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The most distinctively Filipino feature of Holy Week is
the singing of the Pasion. On Maundy Thursday, the monotonous chanting
assaults one from all directions, amplified by speaker systems...

from barangay chapels where the pabasa started
on Palm Sunday and will go on until Good Friday...

from pabasas sponsored by obscure organizations...

from make-shift chapels set up right on 
street intersections by neighbors, and where characters
that could easily pass for neighborhood toughies
join in the chanting...

and from private homes in fulfillment of a yearly vow.

In church, the afternoon Mass of the Last Supper is celebrated.

Eagerly awaited is the reenactment by the priest 
of Jesus' washing of His apostles' feet.

The priest washes a foot of each "apostle," and then wipes and kisses it.

In a variation of the ritual, each "apostle"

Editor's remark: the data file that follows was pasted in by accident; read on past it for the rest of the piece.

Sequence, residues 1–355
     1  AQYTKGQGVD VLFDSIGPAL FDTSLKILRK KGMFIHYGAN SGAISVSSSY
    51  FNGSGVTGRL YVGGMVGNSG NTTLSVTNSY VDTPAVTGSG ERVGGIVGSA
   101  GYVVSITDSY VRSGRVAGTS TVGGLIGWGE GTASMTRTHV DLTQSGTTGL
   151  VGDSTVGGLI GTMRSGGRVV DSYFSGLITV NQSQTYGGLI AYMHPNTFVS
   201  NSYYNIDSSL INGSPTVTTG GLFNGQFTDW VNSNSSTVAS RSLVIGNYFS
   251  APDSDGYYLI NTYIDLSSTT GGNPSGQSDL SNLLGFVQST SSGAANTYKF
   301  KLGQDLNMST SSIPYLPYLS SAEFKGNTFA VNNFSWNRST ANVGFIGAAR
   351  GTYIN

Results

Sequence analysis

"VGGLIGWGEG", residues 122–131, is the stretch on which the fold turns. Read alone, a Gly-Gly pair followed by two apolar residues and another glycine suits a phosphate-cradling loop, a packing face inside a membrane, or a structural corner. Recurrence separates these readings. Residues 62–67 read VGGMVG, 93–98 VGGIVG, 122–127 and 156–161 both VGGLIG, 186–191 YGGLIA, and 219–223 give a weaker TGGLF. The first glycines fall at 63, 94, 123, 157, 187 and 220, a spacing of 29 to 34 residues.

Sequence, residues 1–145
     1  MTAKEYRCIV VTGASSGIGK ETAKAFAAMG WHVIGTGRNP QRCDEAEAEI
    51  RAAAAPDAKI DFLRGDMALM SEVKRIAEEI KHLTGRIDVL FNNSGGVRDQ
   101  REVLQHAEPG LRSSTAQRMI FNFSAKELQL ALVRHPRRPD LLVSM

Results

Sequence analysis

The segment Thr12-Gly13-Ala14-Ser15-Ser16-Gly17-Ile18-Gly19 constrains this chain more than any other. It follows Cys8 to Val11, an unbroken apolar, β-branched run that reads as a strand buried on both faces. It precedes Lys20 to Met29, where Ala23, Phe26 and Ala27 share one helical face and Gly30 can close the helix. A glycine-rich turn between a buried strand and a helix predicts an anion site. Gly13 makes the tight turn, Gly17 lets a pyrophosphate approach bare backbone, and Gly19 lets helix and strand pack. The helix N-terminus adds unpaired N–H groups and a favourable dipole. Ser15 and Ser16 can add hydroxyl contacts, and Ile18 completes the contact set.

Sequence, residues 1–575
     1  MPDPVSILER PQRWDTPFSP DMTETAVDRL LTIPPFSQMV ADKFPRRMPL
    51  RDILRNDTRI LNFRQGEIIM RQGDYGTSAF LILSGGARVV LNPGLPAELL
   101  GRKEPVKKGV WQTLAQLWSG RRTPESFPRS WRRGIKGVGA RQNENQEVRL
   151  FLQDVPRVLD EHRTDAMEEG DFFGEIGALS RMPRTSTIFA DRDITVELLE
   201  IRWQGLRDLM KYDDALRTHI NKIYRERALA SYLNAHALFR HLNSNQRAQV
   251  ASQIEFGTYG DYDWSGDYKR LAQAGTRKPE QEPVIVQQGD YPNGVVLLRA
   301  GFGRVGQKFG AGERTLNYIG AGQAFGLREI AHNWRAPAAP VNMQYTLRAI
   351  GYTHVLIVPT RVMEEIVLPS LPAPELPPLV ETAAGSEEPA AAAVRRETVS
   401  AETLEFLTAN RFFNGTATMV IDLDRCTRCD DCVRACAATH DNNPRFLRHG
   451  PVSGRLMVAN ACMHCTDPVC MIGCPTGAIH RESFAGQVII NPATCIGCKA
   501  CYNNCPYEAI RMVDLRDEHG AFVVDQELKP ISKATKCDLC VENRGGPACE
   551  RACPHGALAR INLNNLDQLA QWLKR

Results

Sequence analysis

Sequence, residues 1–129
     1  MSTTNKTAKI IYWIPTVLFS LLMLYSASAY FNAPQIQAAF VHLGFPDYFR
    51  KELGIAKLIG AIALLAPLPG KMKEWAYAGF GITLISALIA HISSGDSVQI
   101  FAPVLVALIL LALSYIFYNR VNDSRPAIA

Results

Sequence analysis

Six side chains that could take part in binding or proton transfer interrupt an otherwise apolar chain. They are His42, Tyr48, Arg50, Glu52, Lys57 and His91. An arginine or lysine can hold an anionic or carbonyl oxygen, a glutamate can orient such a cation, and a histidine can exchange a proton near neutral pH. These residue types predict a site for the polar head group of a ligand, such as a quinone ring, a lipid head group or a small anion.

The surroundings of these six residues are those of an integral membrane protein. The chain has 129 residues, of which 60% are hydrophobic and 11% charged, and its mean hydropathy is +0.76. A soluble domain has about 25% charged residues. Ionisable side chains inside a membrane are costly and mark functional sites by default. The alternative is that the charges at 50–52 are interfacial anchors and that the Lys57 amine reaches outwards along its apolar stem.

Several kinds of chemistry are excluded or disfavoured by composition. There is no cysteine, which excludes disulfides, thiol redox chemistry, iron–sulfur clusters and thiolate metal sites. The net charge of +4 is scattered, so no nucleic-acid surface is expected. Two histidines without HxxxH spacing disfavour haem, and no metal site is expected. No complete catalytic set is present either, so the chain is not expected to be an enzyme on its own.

is asked to go down to the congregation to wash and kiss
the feet of some, in the spirit of humility and service.

At consecration, the church bells are muted, 
not to ring again until the night of Black Saturday.
The wooden clapper with its eerie sound takes over.

After the Mass, a ciborium containing the Sacred Host
is taken from the main altar...

and transferred in a short procession...

to a specially constructed shrine at the parish center
for overnight adoration -- the traditional visita iglesia.

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